Adjustable speed drives (ASDs) : Several terms are used in practice to describe a motor system that permits a mechanical load to be driven at variable speeds, including adjustable speed drives (ASDs), variable speed drives (VSDs), adjustable frequency drives (AFDs), and variable frequency drives (VFDs). Generally, the use of different terms is interchangeable. Adjustable-speed drives better match speed to load requirements for motor operations, and therefore ensure that motor energy use is optimized to a given application. As the energy use of motors is approximately proportional to the cube of the flow rate, relatively small reductions in flow, which are proportional to pump speed, already yield significant energy savings. However, this equation applies to dynamic systems only. Systems that solely consist of lifting (static head systems) will accrue no benefits from (but will often actually become more inefficient) ASDs because they are independent of flow rate. Similarly, systems with more static head will accrue fewer benefits than systems that are largely dynamic (friction) systems. More careful calculations must be performed to determine actual benefits, if any, for these systems. Adjustable-speed drive systems are offered by many suppliers and are available worldwide. Researchers have estimated savings achieved with ASDs in a wide array of applications; typical energy savings have been shown to vary between 7% and 60% with estimated simple payback periods ranging from 0.8 to 2.8 years.
Power factor correction : Power factor is the ratio of working power to apparent power. It measures how effectively electrical power is being used. A high power factor signals efficient utilization of electrical power, while a low power factor indicates poor utilization of electrical power. Inductive loads like transformers, electric motors, and HID lighting may cause a low power factor. The power factor can be corrected by minimizing idling of electric motors (a motor that is turned off consumes no energy), replacing motors with premium-efficient motors, and installing capacitors in the AC circuit to reduce the magnitude of reactive power in the system.
Minimizing voltage unbalances : A voltage unbalance degrades the performance and shortens the life of three-phase motors. A voltage unbalance causes a current unbalance, which will result in torque pulsations, increased vibration and mechanical stress, increased losses, and motor overheating, which can reduce the life of a motor’s winding insulation. Voltage unbalances may be caused by faulty operation of power factor correction equipment, an unbalanced transformer bank, or an open circuit. A rule of thumb is that the voltage unbalance at the motor terminals should not exceed 1% although even a 1% unbalance will reduce motor efficiency at part load operation. A 2.5% unbalance will reduce motor efficiency at full load operation. By regularly monitoring the voltages at the motor terminal and through regular thermographic inspections of motors, voltage unbalances may be identified. It is also recommended to verify that single-phase loads are uniformly distributed and to install ground fault indicators as required. Another indicator for voltage unbalance is a 120 Hz vibration, which should prompt an immediate check of voltage balance. The typical payback period for voltage controller installation on lightly loaded motors in the U.S. is 2.6 years.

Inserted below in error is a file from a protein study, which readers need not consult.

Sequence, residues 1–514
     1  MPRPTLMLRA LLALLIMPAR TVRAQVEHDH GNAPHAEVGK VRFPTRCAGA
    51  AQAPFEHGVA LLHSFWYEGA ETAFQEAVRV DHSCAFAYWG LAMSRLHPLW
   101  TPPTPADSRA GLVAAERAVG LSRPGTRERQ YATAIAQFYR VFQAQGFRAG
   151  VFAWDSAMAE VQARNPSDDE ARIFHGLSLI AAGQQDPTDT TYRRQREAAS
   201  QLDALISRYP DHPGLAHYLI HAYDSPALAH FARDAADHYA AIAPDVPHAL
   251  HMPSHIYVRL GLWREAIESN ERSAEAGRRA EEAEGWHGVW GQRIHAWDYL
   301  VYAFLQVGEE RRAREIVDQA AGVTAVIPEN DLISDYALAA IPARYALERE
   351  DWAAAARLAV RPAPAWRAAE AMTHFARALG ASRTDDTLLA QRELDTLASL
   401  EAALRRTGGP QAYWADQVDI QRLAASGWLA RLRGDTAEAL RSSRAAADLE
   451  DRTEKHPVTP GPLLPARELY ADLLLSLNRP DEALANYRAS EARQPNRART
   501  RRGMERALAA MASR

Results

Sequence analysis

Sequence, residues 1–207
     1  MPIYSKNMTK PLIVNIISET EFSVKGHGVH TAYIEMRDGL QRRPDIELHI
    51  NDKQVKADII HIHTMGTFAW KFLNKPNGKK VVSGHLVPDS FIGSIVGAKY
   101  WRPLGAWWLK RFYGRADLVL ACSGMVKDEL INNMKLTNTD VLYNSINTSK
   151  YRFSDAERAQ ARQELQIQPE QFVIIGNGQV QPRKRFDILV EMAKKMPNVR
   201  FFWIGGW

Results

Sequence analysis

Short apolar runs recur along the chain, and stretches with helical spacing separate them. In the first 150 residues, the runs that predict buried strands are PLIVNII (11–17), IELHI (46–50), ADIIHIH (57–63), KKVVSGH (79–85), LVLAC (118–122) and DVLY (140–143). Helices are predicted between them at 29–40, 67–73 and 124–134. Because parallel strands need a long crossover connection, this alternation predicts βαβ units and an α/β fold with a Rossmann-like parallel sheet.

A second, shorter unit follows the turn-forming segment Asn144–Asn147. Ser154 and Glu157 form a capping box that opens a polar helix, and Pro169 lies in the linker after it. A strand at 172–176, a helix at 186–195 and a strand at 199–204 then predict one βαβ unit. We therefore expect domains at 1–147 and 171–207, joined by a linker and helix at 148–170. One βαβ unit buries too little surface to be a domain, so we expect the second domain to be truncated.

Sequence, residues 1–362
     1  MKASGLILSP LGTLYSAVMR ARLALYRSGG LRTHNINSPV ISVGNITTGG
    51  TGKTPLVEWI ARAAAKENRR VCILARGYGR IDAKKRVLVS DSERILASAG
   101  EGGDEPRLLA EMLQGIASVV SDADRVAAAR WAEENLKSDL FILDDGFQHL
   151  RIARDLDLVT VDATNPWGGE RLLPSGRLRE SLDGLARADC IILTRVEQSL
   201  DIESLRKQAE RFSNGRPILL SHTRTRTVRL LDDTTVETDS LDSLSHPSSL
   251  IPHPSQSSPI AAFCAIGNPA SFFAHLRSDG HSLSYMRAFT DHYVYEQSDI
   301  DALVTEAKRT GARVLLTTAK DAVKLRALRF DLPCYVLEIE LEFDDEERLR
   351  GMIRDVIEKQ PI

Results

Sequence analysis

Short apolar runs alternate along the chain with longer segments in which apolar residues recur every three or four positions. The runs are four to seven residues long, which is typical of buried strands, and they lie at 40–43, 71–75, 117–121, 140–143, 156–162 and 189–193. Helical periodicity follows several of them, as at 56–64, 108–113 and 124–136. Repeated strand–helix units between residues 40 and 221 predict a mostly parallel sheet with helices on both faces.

Case studies : Some case studies of the energy-efficiency improvement opportunities in electric motors in the textile industry are given below.
Downsizing of motors in finishing processes : EMT has reported that they replaced a 30hp motor with 20hp motor on a rope scouring machine at the finishing department of their plant after the analysis of process requirements. This resulted in 12 MWh/year in electricity savings. The same company conducted another project on downsizing of motors on press machines at the finishing department. This resulted in electricity savings of 33 MWh/year.
Downsizing of motors in spinning processes : In another plant in India, four 4.5kW under-loaded motors were replaced with 2.2kW motors in bobbin winding machines and soft package machines. The average electricity savings achieved was about 5.5 MWh/year/motor with an average investment cost of US$1000 per motor.
Replacement of old inefficient motors by energy-efficient motors in viscose production plants : A viscose production plant in India replaced 39 of its old inefficient motors with energy-efficient motors. This resulted in average energy savings of 7 MWh/year/motor. The investment cost of this retrofit was on average US$1500 per motor replaced (the investment cost of motor replacement varies by motor size).
Use of Cogged ‘v’ belts in place of ordinary ‘v’ belts
A textile plant replaced ordinary ‘v’ belts with cogged ‘v’ belts for various machines and achieved an energy savings of 37.5 MWh/year. The investment cost of this measure was low and was about US$260.